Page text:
One of my favourite writers in the field of the Gothic Fiction,Mary Wollstonecraft Godwin, later known as Mary Shelley was born this August in 1797. I had planned to do this piece on the 30th as that would have been the anniversary of her birth but felt it would not fit well with the Weekend Funny Challenge.
As such I decided to keep it and my thoughts on her most famous work for today. She was born to William Godwin, a journalist, philosopher and novelist, and Mary Wollstonecraft, educator and feminist philosopher who died soon after her birth, and was raised and educated by her father who encouraged her to write from early age. Mary Shelley became an essayist, biographer, short story writer, and novelist, famous for her novel Frankenstein: or The Modern Prometheus, from 1818. Similar to her mother, Shelley led a complicated private life and suffered much ostracism due to her affair with the married man Percy Bysshe Shelley, which was later to become her husband.
Her most famous work, Frankenstein, was supposedly written over a long weekend when she and a number of friends, writers and poets, entertained themselves by preparing various pieces designed to give the reader a chill and delve into that which sends the human hind-brain into fight or flight mode. In that she was most successful, touching on areas that held much unrest and fear in her time. Taken superficially her novel reads like a classic Horror or Gothic novel, entertaining enough with the struggle between its two antagonists. Looking further however we can see just why this piece has survived the test of time as the battle being waged is not just between Victor Frankenstein and his creation but also that of science with the tenets of the church in the quest to understand life and death itself.
As we read this work and follow the struggle of young Frankenstein in his determination to defeat death, after being horribly scarred by the tragic loss of his mother, we trace the doctors journey that brings him to directly challenge the ideas of his generation and the role science played in his society. We see his triumph rapidly followed by fear at just what he had created. It speaks to the ideas of his time that upon seeing such a derailment of ‘gods plan’ human nature at once recognises the unnatural state of such a thing.
His journey from there is that of a man seeking to redress a wrong in the eyes of god and his punishment is to live with the consequences of this act which is the loss of those closest too him. His path is one that seeks redemption not in the eyes of man or the creature he built but in the eyes of god and he bears these losses as penance for his crime.It is a fascinating insight into the Faith vs Reason debate that raged throughout Europe at that time.
Yet in my opinion his struggle was not the one that called to me. His creation and the unrelenting quest to find a place in a world that not only had no other like himself but who felt his existence to be the ultimate blasphemy seems to me to be such a heartrending journey. Struggling to find humanity within himself his tortured journey and his unrelenting quest for answers and acceptance showcases the terrible struggle being waged by those who are damaged and alone in this world. His maker, for all his losses and isolation still could draw comfort from the fact that he knew without question his place in the universe and even as he pondered the damnation of his soul for his ‘meddling’ [as he saw it] there was no question of the existence of that soul within him.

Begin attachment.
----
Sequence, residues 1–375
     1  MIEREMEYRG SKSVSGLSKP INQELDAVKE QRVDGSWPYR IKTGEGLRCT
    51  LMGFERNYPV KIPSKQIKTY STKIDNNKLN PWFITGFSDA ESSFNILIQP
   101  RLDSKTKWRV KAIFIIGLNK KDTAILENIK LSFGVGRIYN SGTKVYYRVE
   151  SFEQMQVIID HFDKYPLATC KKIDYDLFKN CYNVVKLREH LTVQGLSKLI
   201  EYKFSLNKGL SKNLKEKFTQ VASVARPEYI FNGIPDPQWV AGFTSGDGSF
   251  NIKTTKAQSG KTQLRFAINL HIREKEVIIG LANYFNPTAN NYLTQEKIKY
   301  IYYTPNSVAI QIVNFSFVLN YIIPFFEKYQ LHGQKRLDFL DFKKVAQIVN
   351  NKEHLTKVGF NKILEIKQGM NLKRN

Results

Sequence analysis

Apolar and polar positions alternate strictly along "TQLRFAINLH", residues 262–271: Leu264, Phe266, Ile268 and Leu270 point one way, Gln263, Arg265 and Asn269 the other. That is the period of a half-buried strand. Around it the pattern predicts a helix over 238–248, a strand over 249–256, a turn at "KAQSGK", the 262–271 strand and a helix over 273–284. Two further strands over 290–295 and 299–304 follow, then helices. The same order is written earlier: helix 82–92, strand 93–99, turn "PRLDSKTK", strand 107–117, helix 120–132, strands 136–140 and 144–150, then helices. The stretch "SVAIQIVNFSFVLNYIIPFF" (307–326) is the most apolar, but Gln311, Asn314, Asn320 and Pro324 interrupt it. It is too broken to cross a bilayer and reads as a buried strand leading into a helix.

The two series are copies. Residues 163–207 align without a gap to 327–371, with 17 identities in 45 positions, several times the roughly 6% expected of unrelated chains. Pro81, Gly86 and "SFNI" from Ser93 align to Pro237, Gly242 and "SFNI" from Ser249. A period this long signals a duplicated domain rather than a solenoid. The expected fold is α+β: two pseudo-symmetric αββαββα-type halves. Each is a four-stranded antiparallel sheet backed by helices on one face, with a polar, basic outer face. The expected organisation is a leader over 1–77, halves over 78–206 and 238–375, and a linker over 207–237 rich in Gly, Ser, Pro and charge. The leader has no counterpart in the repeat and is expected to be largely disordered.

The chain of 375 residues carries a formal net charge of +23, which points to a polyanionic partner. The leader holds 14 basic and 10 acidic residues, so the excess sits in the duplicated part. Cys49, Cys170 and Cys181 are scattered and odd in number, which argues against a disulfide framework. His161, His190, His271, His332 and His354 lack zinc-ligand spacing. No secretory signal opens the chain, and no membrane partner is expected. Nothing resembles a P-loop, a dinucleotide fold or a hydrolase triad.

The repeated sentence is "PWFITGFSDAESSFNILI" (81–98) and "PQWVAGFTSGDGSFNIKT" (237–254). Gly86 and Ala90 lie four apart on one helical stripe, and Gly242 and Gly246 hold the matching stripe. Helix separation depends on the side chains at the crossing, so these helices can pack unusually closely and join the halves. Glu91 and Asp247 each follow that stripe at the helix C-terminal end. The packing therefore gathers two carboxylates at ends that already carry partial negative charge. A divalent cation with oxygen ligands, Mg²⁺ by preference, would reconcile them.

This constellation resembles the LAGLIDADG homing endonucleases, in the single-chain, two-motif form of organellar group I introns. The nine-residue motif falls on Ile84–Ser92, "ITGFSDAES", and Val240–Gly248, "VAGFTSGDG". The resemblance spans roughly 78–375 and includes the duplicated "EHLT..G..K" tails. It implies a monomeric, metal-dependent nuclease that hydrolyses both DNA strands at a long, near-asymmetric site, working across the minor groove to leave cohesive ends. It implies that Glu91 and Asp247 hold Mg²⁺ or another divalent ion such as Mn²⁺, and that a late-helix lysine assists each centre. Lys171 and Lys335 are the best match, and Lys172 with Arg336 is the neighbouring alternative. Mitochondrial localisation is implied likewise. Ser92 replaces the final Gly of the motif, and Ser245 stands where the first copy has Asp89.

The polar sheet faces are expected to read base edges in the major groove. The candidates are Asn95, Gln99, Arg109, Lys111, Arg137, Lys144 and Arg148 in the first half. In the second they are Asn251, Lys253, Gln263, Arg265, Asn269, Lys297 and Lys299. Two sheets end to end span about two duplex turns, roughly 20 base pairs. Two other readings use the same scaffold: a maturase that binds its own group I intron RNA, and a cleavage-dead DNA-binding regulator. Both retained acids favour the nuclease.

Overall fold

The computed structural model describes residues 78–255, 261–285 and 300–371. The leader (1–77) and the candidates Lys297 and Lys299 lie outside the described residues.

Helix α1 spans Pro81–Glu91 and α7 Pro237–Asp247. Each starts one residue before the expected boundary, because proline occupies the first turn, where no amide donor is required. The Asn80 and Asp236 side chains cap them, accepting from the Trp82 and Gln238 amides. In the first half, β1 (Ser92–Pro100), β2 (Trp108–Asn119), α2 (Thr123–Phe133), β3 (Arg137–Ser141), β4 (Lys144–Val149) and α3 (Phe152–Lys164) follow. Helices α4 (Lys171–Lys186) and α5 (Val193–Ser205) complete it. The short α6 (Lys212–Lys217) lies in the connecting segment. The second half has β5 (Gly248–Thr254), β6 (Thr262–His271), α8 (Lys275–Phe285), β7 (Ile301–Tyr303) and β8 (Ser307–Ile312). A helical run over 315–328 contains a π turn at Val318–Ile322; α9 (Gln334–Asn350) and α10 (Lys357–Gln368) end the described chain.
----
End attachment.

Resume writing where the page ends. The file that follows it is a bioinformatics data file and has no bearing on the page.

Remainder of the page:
Reaching out to be rejected again and again this creature eventually looses faith with this world and its people which highlights the plight of those who are forgotten by society. When we see him seeking to claim recompense from his maker for casting him adrift in a universe that has no place for one such as he we can recognise the sense of isolation that those outside society must feel.
If not protected by its laws, if not cared for by its people then what does one owe to that society in terms of those strictures. Frankenstein and a number of novels written during this period, most notably Bram Stokers Dracula, deal with the idea of the natural and unnatural as well as their place in our philosophies, be it of reason and of faith. It is a debate that is still hotly disputed today, perhaps even more so as the rate of scientific knowledge and the technology that comes with it increases at an almost exponential rate. While my reading habits are notoriously eclectic I have always enjoyed Gothic fiction, not just for its spine tingling story telling but also the way it gives us glimpses into the fears of an age be it then or now. If you haven’t had a chance to read this novel [watching the movie is NOT the same thing] then take the time to do so as it is a fascinating read.